Continuum of Videoconferencing

For the past several years, I’ve been using a slide with the continuum of videoconferencing technology in my workshops. I decided it’s time to write up my thoughts about this so we can all refer others to the choices for videoconferencing. This post was co-written with guest blogger Lori Colwill.

The continuum starts at the lowest level and moves up from there.

Desktop VC: Skype, iChat, etc.

  • Free
  • Proprietary (i.e. Skype only connects to Skype, iChat only connects to iChat, etc).
  • Disadvantage: Lack of echo-cancellation or stability of the call can make it difficult to use with a classroom of students
  • Disadvantage: Some security concerns for classroom use
  • Disadvantage: Lower quality and inability to connect to most content providers
  • Options: Skype, iChat, GoogleTalk, TokBox, TinyChat, FaceTime and others

Desktop VC: Open Source H.323

H323 is the standard for what is also referred to as IP based videoconferencing. With H323 you can connect to any other H323 device (in theory).

  • Free
  • Ekiga and XMeeting
  • Connects to most H323 standard videoconferencing units
  • Disadvantage: No echo-cancellation can make it difficult to use with a classroom of students

Desktop VC: H.323

  • LifeSize Desktop: software only; no server required (8/12/09: It’s SIP only; not H323) (3/4/11: If it’s installed with a server and bridge, you can connect to H.323)
  • Polycom PVX software: $120 ish plus webcam
  • Polycom CMA: desktop software that requires a server
  • Tandberg Movi: desktop software that requires a server
  • Echo-cancellation may be a problem
  • Rigging audio and video from a desktop system to work in a classroom can be challenging

Small Room Systems: Fixed Camera H.323

  • Under $5000
  • Polycom V500, VSX 5000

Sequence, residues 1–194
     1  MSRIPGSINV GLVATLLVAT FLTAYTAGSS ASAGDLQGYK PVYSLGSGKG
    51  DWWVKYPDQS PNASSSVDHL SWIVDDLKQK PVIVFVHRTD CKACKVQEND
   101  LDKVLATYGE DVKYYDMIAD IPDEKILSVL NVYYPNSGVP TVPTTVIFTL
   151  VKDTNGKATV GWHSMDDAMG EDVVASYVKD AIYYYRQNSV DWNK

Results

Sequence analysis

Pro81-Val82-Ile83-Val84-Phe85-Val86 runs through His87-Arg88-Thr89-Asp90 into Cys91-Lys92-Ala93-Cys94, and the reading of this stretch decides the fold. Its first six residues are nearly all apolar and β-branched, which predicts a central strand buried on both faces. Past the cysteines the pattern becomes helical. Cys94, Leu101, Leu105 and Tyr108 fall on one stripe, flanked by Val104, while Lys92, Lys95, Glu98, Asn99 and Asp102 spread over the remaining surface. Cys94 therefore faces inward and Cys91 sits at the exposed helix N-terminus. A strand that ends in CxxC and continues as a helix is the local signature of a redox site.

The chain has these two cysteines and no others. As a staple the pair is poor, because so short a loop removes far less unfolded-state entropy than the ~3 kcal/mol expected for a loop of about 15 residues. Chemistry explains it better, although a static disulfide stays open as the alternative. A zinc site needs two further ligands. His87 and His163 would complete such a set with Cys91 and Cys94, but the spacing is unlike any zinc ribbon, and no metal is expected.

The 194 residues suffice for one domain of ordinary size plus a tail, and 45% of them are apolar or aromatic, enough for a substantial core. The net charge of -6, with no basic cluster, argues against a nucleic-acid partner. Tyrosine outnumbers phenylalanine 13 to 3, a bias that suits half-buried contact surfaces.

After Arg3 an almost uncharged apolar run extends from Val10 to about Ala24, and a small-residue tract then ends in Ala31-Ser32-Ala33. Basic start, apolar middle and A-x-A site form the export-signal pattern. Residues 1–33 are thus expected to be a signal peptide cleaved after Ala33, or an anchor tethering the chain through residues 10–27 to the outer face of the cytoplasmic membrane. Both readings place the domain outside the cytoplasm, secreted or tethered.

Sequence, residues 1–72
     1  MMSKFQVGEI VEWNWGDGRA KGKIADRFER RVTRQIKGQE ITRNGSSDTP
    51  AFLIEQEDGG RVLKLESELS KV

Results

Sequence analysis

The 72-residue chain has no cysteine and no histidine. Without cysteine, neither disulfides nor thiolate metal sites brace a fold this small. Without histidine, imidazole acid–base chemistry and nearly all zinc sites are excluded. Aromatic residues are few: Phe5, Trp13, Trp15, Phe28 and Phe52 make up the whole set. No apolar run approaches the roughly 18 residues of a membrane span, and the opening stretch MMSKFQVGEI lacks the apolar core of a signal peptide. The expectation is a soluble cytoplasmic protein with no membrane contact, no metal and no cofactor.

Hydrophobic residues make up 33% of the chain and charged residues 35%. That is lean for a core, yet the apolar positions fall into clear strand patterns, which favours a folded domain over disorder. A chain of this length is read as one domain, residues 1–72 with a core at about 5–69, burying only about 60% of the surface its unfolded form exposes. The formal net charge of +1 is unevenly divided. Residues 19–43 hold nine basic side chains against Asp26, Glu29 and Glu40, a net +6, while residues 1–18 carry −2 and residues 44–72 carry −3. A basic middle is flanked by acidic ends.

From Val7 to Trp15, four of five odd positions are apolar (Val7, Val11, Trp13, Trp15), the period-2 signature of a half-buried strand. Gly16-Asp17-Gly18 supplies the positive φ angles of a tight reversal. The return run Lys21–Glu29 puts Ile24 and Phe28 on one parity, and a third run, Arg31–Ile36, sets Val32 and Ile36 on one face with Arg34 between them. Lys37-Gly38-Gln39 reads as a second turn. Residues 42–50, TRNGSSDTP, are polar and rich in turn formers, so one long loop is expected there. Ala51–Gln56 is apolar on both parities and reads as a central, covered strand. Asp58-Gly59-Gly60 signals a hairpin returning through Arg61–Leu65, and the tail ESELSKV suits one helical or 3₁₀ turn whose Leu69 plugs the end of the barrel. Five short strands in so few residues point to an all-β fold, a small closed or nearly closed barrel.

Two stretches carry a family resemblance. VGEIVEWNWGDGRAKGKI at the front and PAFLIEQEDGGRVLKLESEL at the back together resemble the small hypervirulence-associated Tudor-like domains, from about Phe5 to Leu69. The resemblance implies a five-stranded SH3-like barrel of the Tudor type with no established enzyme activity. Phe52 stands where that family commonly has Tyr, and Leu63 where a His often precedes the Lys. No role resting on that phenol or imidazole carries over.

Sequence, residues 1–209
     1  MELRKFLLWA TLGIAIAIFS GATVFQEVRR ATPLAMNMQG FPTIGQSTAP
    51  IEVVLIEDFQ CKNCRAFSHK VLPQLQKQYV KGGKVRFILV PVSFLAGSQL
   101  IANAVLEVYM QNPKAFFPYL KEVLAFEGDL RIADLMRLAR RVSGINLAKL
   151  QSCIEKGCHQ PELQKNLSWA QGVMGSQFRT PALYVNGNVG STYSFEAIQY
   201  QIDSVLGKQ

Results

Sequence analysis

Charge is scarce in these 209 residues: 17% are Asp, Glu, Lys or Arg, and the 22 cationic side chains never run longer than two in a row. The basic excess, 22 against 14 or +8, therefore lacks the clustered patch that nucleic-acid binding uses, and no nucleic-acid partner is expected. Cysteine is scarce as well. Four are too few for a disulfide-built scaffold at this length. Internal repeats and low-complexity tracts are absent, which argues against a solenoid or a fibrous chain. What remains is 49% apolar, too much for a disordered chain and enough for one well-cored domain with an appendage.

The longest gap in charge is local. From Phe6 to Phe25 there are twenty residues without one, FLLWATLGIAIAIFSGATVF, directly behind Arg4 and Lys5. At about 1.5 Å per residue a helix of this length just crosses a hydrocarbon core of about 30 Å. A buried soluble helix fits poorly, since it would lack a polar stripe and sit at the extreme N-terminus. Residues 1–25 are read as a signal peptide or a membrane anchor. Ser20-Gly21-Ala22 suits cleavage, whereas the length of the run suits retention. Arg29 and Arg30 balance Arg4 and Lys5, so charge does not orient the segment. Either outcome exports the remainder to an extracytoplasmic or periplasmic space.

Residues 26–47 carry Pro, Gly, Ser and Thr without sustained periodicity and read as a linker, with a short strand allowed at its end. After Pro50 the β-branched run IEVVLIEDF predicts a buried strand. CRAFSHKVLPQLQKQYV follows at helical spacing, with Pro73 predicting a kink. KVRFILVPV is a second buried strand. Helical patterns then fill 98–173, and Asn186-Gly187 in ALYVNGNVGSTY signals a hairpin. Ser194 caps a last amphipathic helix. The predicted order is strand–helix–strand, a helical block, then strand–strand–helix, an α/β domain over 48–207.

• LifeSize Express w/Focus camera
  • Cameras have limited or no movement
  • Designed for small conference rooms, 3-7 people
  • Easy to receive content from content providers etc., but difficult to use to have students present for events like Read Around the Planet and other collaborative projects

Classroom Systems: H.323 SD

  • SD is standard definition
  • Range from $3000-$9000
  • Ask your vendor for an “entry level” unit
  • As of summer ’09 most of the schools and content providers I connect with have this level
  • The older units are “set top” units that were designed to sit on a TV; newer units separate camera & codec to accommodate flat screen monitors
  • Ability to connect a computer and document camera for presenting
  • Great camera movement, ideal for classrooms
  • Polycom VSX 7000  and 8000 series (older)
  • Polycom QDX (newer, faster, better, cheaper)
  • Tandberg 770, 880, 990 MXPs (older)

Classroom Systems: H.323 HD

  • HD: High definition.
  • To take full advantage of HD, calls need to be at 1-4 M. Most schools don’t have that bandwidth available; most content providers still make calls at 384K.
  • It’s an investment in the future of the technology. In theory, soon we’ll all have the bandwidth to upgrade to HD.
  • Lifesize Express, Express 200, Team MP, Team 200, Room, and Room 200
  • Polycom HDX 7000, 8000 9000 series
  • Tandberg QuickSet C20 (newer, entry level HD unit)
  • Tandberg Edge MXPs 75, 85, 95

VC CartCarts vs. Rooms

A few words about installing a “cart” vs. installing a “room”.

  • A cart installation is usually a classroom system (see above)
  • plus a monitor (or a projector i.e. Tandberg Media Place)
  • installed on a cart
  • with one microphone on a 30 foot cord that can be moved around the classroom easily as needed.
  • A simple remote can be easily learned by the videoconference coordinator.
  • It might include a document camera and a way to connect a computer.
  • A cart installation is usually under $10K.
  • A integrated room installation is often a classroom system
  • plus two to four monitors
  • with a presentation stand for teaching over videoconferencing
  • plus ceiling and/or desk microphones
  • plus a fancy lots of buttons touch panel for controlling the system (usually AMX or Creston)
  • plus lots of peripherals: computer, document camera, extra inputs, DVD/VCR

Classroom teachers are intimidated by room installations! So are students. The cart is much simpler and easier if you plan to use VC for curriculum videoconferencing. The room may be better for full length courses.